The National Microbiome Data Collaborative (NMDC) was founded in 2019 by a diverse group of experts with funding from the Department of Energy to address ongoing data challenges in biology through the creation of new tools and standardized practices. A new article dives into its Ambassador Program and explores how it promotes best practices through community engagement.
JGI users studied microbial communities at hydrothermal vents and underwater volcanoes. They found a wealth of diversity in the microorganisms there, which could lead to the development of new biotechnologies around clean energy, biofuels and bioproducts.
In Cell Genomics, an international consortium led by researchers at the Joint Genome Institute team generated 824 new Actinobacteria genomes, which were were combined with nearly 5,000 publicly available ones and 1,100 metagenome-assembled genomes (MAGs) reconstructed from sequenced environmental samples in a previous study.
In Nature Ecology and Evolution, researchers from the Chinese Academy of Fishery Sciences, the University of East Anglia, and the JGI have explored the genome of the polar algae Microglena sp. YARC. The green alga harbors extra genes for proteins requiring zinc, and those genes turn out to be key for the phytoplankton’s ability to live in cold polar waters. Learn more here on the JGI website.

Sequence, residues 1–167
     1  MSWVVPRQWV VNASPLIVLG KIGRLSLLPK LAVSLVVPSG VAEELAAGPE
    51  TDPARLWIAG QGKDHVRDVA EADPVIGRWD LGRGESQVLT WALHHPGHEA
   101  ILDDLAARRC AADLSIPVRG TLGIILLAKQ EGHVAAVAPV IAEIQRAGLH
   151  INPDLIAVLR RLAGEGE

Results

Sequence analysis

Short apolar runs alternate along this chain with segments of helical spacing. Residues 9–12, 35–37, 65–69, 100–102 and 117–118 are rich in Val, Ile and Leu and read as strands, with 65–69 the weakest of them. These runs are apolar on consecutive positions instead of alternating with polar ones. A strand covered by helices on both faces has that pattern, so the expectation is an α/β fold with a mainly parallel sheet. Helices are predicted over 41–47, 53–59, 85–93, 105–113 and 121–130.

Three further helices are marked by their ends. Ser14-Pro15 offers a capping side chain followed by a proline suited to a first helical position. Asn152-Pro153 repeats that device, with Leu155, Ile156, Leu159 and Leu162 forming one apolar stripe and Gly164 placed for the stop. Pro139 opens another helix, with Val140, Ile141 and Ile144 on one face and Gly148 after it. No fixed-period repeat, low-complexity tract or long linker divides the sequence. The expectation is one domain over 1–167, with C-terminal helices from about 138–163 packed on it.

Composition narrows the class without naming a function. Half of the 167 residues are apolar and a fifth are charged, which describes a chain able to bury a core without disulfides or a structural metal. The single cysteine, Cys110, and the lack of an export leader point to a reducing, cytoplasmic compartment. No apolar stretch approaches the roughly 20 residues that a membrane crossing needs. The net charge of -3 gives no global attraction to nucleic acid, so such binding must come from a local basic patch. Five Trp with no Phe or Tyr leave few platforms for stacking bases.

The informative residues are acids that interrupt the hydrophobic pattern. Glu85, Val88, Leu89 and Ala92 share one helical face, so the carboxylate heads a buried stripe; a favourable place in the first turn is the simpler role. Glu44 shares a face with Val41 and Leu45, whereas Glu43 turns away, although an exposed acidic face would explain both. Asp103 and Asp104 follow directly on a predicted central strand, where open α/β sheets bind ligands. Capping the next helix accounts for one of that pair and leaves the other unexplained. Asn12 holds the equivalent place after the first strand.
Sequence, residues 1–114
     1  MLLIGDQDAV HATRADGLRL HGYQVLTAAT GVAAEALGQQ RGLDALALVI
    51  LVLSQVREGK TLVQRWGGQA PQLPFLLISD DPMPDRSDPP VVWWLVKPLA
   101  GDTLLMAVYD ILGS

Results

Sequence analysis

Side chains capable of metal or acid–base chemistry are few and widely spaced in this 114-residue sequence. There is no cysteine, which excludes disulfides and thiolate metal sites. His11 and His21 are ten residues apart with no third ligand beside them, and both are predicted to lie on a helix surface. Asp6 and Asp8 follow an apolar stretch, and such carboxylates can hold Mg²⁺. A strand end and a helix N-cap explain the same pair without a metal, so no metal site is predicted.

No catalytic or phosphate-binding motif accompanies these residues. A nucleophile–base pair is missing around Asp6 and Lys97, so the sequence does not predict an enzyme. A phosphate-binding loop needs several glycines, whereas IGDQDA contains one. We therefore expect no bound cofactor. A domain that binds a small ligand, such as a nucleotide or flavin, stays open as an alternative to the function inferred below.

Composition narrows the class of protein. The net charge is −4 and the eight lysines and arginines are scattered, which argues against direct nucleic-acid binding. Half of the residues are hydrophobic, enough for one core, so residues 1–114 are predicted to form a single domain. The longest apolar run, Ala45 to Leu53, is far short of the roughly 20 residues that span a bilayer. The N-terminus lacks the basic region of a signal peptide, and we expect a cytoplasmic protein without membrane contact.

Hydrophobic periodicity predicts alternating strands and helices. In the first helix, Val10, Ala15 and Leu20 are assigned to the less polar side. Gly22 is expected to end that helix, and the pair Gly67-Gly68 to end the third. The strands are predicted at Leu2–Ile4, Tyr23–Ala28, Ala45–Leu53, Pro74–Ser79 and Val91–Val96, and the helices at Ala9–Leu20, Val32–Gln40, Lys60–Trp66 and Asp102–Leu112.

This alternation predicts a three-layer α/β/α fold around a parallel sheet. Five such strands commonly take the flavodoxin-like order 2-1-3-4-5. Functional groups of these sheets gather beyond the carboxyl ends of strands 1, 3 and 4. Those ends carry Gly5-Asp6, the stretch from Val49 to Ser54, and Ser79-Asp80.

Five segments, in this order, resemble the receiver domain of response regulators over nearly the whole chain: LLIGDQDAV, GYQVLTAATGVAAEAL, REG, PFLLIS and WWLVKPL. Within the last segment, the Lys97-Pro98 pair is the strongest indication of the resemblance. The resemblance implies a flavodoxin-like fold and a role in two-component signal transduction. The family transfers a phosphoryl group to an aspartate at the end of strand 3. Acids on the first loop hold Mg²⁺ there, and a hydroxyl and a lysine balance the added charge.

Biosciences Area staff recently hosted 40 PhD students from Wageningen University in the Netherlands over two days at Emery Station East (ESE) and the Integrative Genomics Building (IGB). The group launched their two-week California tour in the Bay Area, stopping by local biotechnology companies and prominent academic research institutions. The contingent visited ESE to tour the facility, make presentations, and discuss potential collaborations. At the IGB, the students attended a day-long symposium that included short talks, tours of several user facilities, and a poster reception.